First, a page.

Then we pushed donors to require their grantees to both demonstrate that they seek out the views of their clients and explain how they act upon them. Donors are the ‘market’ in the humanitarian space and aid agencies pay attention to their requirements. Pressure from donors is important but with more focus on accountability frameworks than results, it has probably done as much to swell the ranks of report writers, who are good at describing progress even when the reality on the ground falls short, as to enhance accountability.
Independent verification is a safety rail on self-reporting by aid agencies
We’ve also emphasised the importance of independent verification of the way affected people see things, as a safety rail on self-reporting by agency staff. Staff’s take, our findings show, is quite often at variance with that of their clients. And we have promoted response-wide perception tracking to look at the way those supposed to benefit view the humanitarian operation as a whole rather than the performance of each agency, which only tells part of the story.
Fortunately, GTS is not the only actor pushing for change. In many responses, there are now specialist communication and community engagement working groups focused specifically on this agenda. While they share information and talk coordination, they remain for now on the periphery of operational decision-making, limiting their influence. At the global level, there are positive signals from the inter-agency body charged with accountability and from donors and agencies promoting the so-called Participation Revolution. Both groups are pushing for tracking of the community experience as the touchstone of performance, although translating that into operational practice may be a long and winding road.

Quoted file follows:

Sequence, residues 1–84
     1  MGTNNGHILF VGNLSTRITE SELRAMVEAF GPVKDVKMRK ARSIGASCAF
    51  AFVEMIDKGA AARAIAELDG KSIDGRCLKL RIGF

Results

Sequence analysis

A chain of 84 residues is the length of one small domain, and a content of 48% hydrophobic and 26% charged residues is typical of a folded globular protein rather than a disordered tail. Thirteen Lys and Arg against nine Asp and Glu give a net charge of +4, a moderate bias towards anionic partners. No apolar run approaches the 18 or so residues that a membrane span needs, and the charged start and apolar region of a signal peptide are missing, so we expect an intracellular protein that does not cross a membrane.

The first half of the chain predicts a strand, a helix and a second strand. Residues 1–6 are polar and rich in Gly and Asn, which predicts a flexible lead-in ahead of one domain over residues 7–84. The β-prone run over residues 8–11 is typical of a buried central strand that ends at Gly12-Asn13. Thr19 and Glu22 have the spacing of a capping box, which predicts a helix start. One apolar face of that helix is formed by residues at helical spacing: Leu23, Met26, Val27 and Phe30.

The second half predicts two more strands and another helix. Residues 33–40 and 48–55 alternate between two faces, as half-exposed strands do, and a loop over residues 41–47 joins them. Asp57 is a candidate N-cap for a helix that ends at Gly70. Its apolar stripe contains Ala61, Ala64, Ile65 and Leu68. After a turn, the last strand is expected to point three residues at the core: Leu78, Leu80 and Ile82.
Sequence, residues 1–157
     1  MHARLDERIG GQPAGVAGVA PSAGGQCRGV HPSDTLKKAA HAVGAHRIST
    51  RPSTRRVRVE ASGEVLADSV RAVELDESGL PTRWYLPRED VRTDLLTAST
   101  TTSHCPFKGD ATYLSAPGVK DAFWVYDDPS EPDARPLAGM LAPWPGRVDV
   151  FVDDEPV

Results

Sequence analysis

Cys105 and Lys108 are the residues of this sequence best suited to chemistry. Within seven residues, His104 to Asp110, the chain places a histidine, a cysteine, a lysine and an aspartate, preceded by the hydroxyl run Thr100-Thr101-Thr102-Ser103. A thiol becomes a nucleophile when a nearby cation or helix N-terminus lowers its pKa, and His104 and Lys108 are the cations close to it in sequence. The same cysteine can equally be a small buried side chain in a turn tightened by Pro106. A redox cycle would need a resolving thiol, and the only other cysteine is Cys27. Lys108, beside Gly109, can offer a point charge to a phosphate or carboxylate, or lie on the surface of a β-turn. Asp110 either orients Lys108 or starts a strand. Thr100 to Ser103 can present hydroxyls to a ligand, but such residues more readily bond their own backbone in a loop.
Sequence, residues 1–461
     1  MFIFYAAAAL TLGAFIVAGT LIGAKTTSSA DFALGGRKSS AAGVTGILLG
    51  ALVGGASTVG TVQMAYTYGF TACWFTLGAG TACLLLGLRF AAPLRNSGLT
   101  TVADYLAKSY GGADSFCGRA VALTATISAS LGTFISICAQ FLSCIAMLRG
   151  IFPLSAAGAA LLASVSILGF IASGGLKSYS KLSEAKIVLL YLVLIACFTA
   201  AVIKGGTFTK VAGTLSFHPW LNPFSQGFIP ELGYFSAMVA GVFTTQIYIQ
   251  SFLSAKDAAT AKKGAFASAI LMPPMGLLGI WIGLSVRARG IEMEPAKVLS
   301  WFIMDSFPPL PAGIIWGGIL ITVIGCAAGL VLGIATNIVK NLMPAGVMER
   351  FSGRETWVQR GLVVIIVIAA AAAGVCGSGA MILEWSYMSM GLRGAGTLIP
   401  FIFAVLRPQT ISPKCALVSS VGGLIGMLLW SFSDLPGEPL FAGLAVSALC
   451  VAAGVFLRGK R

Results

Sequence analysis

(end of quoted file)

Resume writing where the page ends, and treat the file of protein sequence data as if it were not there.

Tracking success from the perspective of people supposed to benefit from aid
A promising new performance assessment method offers a short cut. It involves matching the goals of humanitarian action with the experience of the people supposed to benefit. This is now happening in several humanitarian contexts, from the Central African Republic and Chad to Iraq and Somalia, where the high-level strategic objectives in the 2020 Humanitarian Response Plans (HRPs) are matched by indicators based on people’s perceptions. This makes it possible to track whether, from the user perspective, there is progress towards meeting the strategic goals over the course of the year – and to keep monitoring performance in this way over successive annual cycles.
It’s not a foolproof monkey-transfer device, but using metrics based on the way affected people see progress on the ground comes closer than ever before to building accountability to affected people into the bedrock of the humanitarian architecture. Accountability players, like Ground Truth Solutions, have a role but responsibility must be collective and should include all those with the power, resources, and operational rationale to make the difference. If they do, affected people will be a step closer to decision-making, and my bristling will be a thing of the past.
A version of this post was first published by The Geneva Observer.